Disasters can mean quick profits but you have to know how to take advantage of them. This is especially true in technology.
Take Thailand's flood, for instance. Did you know Thailand is a big producer of hard disk drives? It is. And Asus, one of the largest Taiwanese OEMs, now says it only has enough drives to last out the month. Prices for such drives are rising.
But that may not be the way to play. Instead consider Solid State Drive (SSD) makers like Fusion IO (FIO), ScanDisk (SNDK), Stec Inc. (STEC) and OCZ Technology Group (OCZ), which can benefit as an alternative to hard drives.
StorageSearch does a regular Top 20 round-up on the industry and what's remarkable is how American the market is, and how many of its leaders are relative start-ups. EMC and Intel are on the list, but way down it.
In fact the hottest SSD company, Violin Memory, has been teasing people about a coming IPO for months, and meanwhile has drawn venture investment valuing it at $440 million.
The “raw materials” for these drives are usually flash memory chips (which don't lose data when they turn off) and SSD controller chips. But it's really all about the software, which decides whether a system will go into a simple notebook PC or tablet, or into cloud infrastructure. That's what makes this an American specialty.
Fusion IO serves the cloud, as does Violin, so they're hot. But Sandisk mainly serves the PC market and may be the better short-term investment. Not only are SSDs, with no moving parts and low power usage, completely cool for the hottest markets like tablets and phones, but these consumer markets can actually take advantage of problems in the hard drive area and grab some netbook share as well.
If you're worried about raw materials the largest Flash NAND chip maker, Toshiba, has four plants in Yokkaichi Japan, near Nagoya. Samsung is another big producer of these important chips, and is in Korea. Getting supplies should not be a problem, although price is always an issue.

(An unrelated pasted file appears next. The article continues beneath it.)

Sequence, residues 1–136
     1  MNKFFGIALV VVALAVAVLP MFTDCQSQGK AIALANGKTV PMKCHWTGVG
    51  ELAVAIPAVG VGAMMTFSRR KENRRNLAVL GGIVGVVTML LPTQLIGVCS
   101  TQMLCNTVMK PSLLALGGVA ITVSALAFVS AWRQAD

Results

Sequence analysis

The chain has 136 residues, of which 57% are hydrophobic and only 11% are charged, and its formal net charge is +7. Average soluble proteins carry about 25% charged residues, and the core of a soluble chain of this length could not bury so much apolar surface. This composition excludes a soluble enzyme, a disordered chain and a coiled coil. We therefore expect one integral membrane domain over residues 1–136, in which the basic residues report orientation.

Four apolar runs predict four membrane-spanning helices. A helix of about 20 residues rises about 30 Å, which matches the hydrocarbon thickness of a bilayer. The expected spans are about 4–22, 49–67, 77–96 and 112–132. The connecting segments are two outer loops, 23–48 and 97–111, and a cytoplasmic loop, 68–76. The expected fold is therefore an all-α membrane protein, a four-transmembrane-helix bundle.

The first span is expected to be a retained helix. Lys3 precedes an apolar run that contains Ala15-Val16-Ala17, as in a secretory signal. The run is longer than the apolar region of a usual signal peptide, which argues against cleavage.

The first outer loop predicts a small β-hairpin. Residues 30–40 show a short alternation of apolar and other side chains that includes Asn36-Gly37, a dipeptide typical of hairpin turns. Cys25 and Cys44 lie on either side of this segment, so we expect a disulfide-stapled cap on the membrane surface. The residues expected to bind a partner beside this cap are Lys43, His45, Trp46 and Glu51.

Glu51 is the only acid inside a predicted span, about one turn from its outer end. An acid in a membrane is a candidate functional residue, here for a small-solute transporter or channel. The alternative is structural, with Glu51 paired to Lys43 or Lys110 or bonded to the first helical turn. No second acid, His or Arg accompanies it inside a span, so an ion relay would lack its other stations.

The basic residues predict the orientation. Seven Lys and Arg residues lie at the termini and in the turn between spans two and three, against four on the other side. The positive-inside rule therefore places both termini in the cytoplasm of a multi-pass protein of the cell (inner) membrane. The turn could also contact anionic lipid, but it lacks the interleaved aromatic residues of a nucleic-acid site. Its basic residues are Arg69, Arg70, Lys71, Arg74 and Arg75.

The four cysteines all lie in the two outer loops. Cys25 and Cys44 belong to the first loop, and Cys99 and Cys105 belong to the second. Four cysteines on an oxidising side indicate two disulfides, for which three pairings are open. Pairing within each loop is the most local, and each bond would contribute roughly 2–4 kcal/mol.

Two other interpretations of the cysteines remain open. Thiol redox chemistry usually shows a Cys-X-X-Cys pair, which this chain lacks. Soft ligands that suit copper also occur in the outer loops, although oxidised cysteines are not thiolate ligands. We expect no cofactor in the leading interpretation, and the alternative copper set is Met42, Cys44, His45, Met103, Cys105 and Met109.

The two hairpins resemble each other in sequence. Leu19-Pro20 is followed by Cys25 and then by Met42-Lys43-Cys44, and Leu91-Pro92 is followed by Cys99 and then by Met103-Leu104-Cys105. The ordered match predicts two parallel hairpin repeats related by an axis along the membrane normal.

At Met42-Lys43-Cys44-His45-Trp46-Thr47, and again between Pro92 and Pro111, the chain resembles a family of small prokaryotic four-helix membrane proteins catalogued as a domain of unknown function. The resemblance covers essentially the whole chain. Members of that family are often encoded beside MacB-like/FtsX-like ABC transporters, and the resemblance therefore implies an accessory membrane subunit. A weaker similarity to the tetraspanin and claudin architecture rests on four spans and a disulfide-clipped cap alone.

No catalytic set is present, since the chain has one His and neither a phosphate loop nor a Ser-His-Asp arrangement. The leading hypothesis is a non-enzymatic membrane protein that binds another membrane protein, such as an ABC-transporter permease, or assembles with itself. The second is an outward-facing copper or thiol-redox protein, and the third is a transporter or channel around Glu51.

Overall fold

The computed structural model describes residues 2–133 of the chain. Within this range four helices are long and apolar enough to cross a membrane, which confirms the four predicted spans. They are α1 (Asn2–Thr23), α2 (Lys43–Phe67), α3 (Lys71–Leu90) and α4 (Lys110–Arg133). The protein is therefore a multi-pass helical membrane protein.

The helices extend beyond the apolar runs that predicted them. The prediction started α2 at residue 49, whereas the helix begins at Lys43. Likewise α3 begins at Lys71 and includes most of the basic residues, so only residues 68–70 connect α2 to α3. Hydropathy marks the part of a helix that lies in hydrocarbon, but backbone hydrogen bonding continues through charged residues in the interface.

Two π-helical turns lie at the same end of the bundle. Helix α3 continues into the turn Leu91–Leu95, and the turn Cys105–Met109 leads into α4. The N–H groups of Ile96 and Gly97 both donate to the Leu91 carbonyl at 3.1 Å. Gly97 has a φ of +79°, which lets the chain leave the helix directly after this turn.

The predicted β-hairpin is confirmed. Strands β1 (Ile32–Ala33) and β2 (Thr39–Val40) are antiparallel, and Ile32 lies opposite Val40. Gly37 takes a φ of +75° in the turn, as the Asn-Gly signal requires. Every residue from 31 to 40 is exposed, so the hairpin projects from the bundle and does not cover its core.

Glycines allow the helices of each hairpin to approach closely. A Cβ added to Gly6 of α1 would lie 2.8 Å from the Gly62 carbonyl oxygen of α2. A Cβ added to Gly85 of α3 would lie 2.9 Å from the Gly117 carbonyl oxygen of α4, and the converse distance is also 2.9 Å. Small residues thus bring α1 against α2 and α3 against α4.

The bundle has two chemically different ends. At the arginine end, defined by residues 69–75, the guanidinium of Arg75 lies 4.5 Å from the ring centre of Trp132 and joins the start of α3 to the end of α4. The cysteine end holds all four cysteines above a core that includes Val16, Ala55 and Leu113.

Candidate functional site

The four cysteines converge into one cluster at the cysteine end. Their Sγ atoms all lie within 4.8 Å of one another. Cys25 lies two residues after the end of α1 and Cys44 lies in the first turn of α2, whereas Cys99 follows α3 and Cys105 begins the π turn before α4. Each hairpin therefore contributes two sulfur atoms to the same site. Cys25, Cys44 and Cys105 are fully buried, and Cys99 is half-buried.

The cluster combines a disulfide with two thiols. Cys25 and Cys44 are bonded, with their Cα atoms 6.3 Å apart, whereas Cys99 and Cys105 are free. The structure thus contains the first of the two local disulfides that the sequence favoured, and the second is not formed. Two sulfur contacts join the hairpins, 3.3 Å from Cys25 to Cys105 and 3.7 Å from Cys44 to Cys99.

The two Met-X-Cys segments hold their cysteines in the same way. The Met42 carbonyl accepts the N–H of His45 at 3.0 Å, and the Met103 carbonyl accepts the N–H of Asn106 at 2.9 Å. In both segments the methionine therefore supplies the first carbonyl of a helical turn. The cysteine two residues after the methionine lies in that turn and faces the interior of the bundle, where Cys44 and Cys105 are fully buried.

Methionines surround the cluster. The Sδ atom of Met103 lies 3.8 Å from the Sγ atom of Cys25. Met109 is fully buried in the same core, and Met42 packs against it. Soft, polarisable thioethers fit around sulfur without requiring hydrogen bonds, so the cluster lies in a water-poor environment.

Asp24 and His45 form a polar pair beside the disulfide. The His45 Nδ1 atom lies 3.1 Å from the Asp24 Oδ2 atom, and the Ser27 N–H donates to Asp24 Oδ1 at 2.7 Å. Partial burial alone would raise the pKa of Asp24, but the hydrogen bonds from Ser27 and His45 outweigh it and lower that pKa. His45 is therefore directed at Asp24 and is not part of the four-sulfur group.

Fusion IO, which went public in May, has nearly doubled investors' money since then, rocketing 14% just yesterday in anticipation of stronger earnings. Sandisk, which has gone precisely nowhere most of the last five years, is still ranked an overweight by Morgan Stanley, which is betting on its low PE of 10.
STEC shares were hammered at the end of July when management guided down on earnings, and has since announced a stock repurchase plan worth $40 million on a market cap of under $600 million. OCZ has been rocketing up on strong earnings for a month now.
Another stock to watch in this area is LSI (LSI), which recently bought Sandforce for $370 million, aiming to get them into new markets. (The Sandforce relationship with OCX was so close that company had to issue a congratulatory press release on the deal.)
For investors, you'll pay a premium for SSD makers who live “up the stack,” in enterprise markets and the cloud, because those markets are hot. But don't ignore those in consumer markets, where the full effects of the Thailand floods have yet to play out.